Siri a welcome addition to iPhone addict’s life

February 13, 2015 Review Print Print
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SiriSince I got my first data plan I’ve been one of those people who will quickly and aptly use Google in a discussion or disagreement wherever 3g coverage may be found, because why not know  something when, at the touch of a button, you can be right?

A famous author or something like that once said that nothing is more frustrating than a good example.

That person is right. When you haven’t researched whatever you’re debating well enough, Google can help you prove your point in about 30 seconds. And Siri streamlines the process even more.

Siri came into my life when I upgraded to an iPhone 5s.The voice control on my iPhone 4 was incapable of even basic tasks, to the point where it would probably have been safer to use analog controls while driving.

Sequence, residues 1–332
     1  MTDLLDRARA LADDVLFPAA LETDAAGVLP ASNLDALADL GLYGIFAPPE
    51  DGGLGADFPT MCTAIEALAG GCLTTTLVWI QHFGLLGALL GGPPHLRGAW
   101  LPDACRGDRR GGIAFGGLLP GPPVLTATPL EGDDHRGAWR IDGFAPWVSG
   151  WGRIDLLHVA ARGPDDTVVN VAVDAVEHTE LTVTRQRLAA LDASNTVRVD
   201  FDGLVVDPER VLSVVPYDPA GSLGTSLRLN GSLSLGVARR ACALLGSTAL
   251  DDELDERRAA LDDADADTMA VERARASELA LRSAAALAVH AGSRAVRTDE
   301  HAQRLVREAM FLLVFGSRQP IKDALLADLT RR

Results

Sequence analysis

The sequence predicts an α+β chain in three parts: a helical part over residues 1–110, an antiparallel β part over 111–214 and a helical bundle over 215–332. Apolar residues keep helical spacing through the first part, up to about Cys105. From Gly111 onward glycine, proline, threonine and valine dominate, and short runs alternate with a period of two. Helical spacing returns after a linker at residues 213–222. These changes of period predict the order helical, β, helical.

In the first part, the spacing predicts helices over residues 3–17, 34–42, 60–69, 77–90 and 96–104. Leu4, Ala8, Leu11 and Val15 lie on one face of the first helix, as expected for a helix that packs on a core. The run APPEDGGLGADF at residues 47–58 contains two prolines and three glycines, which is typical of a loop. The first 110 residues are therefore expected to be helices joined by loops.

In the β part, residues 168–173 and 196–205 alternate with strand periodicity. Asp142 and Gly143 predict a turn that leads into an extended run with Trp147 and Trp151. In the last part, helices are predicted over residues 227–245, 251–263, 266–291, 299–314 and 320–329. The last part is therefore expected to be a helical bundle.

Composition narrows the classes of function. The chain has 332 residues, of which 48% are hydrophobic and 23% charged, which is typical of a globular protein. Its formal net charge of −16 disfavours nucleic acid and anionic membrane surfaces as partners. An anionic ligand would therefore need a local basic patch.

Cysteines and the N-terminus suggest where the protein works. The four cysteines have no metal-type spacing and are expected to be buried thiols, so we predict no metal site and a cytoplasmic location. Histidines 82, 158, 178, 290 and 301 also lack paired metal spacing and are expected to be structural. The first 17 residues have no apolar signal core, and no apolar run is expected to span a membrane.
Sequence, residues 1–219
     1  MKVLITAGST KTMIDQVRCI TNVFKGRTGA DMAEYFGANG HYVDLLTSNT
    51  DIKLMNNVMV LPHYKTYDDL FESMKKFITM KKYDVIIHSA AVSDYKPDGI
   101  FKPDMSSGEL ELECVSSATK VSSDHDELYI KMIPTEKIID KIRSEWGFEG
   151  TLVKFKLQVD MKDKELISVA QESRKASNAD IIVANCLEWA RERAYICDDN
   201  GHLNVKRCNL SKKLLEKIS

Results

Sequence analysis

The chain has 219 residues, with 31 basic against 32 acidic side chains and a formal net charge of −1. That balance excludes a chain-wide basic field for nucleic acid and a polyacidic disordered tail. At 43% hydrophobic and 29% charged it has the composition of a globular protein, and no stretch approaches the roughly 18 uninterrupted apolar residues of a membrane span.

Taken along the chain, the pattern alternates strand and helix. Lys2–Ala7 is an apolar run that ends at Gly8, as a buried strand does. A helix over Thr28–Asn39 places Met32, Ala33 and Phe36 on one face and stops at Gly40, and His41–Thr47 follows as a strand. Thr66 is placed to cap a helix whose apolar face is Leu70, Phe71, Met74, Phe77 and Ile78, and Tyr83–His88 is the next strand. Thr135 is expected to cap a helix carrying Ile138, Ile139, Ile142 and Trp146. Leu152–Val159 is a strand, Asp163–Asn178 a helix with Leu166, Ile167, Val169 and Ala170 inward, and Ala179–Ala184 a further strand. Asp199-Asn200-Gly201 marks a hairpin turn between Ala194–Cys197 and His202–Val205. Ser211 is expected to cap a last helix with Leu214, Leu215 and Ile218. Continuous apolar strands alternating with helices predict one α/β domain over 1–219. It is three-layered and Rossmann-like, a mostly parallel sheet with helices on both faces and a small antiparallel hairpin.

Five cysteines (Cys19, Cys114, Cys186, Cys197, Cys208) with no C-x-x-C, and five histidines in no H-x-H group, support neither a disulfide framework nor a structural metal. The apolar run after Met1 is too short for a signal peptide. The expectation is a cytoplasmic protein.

During that transition, I felt like a tribesman in some forgotten corner of the world, brought forcibly and rapidly into the 21st century by the cold, invisible hand of globalization.

Then, I met Siri.

“Siri lets you use your voice to send messages, schedule meetings, place phone calls, and more. Ask Siri to do things just by talking the way you talk. Siri understands what you say, knows what you mean, and even talks back. Siri is so easy to use and does so much, you’ll keep finding more and more ways to use it,” according to www.siri.com.

Yes, Siri does work more often than she does not work, something I tend not to expect from technology.

Siri is not just functional, she is coy and playful.

I once asked her, “Siri, what is love?”Her reply was a stern, “I’m not going to go there, Grant.”

Once prompted on whether she could sing, she informed me she prefers to read poetry. How refined.

Upon my request to refer to me as ‘Snoop President’ instead of Grant, she was all too happy to comply. When I thanked her, she told me she was just doing her job, Snoop President.

You get the job done, Siri. I look forward to the conversations we will hold when the iPhone 10 comes out and you have evolved into speaking full sentences.

To contact Grant Swalwell, email onlineeditor@occc.edu

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